"We did this work a long time ago, and they're occupying it, so why don't they pay us, contractors?" said Anthony Adinolfe, president of Gypsum Systems Inc. in Elma, which is owed $99,586.

On the other side, Evans filed suit against the church and the Presbytery of Western New York, citing nonpayment on its loans. "We're actively working to settle the litigation and are hopeful that a resolution can be achieved," said Evans spokesman Kevin Brady.

Murray F. Gould, CEO of Port City Preservation LLC of Syracuse – which acted as developer and now property manager – declined to comment because of the litigation. He referred questions to Michael Brady, the attorney for the partnership, who did not respond to requests for comment.

However, Mark Kostrzewski, managing member for the church's LAPC Lofts LLC, confirmed the dispute is expected to be settled within the next 30 days, if not sooner. "Everyone has been under duress on this project," Kostrzewski said. "It's a difficult situation, and it's close to resolution."

Buffalo is benefiting from a surge in redevelopments of historic office, industrial, school and even church buildings that are transformed into lively new loft apartments and commercial space. But the unusual battle at Lafayette illustrates what can happen when a complex project goes awry.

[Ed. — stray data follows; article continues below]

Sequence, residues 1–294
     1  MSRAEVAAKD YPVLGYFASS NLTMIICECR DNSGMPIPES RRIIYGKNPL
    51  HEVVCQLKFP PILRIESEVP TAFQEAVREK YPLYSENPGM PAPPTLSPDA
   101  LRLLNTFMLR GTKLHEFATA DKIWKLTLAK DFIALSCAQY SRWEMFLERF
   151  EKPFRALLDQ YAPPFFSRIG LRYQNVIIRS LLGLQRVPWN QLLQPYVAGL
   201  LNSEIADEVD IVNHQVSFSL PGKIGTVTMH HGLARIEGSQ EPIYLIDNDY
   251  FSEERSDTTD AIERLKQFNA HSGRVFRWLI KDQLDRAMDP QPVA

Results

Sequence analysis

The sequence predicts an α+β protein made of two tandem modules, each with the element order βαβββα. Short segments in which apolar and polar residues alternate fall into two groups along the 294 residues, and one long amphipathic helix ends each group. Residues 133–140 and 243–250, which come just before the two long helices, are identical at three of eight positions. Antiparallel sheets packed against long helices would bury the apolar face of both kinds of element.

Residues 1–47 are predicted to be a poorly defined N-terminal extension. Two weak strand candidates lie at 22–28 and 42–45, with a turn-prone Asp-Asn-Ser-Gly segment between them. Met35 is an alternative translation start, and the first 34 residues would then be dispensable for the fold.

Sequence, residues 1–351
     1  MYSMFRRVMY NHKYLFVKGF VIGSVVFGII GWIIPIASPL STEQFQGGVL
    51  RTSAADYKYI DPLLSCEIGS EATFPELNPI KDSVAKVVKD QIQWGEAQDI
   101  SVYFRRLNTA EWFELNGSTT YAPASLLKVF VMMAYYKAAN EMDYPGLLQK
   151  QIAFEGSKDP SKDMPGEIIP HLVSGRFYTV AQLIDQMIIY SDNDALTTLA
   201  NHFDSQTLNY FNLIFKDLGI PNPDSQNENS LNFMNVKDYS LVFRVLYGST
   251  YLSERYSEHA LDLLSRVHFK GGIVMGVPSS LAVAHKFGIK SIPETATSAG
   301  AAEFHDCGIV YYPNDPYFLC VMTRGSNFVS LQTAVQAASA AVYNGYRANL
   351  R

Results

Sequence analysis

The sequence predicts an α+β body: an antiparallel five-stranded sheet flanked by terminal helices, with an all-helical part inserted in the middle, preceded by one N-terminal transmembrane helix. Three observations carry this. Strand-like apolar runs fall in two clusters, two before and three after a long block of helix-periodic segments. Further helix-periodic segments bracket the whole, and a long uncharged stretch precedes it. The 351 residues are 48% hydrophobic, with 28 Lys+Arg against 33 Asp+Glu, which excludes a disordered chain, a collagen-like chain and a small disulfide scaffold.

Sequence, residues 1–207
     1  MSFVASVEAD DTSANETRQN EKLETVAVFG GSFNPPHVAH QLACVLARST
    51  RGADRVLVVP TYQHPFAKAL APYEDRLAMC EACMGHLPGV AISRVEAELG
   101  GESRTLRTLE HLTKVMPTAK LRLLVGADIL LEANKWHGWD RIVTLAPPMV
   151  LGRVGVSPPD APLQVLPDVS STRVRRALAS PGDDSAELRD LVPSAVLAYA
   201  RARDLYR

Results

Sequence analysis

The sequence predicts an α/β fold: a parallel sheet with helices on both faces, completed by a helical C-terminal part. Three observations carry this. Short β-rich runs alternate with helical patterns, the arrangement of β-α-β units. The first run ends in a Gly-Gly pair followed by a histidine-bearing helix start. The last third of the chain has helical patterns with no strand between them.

Faced with ongoing deficits, declining membership and the high costs of maintaining its enormous historic building, church leaders spent five years trying to figure out a solution before partnering with Port City. The plan was to convert much of the building into apartments and commercial space, while maintaining part of the sanctuary and other space for the church's use.

Today, the building at 598 Lafayette and 875 Elmwood includes 10 one-bedroom apartments, 10 two-bedroom apartments and a three-bedroom unit, with rents ranging from $850 to $2,600 per month. It also has a culinary center and professional kitchen used by different groups, plus event space.

The building also houses offices for the Elmwood Village Association and another new tenant, as well as a pre-school area occupied by a firm that provides therapeutic services for 3- to 5-year old children with developmental disabilities.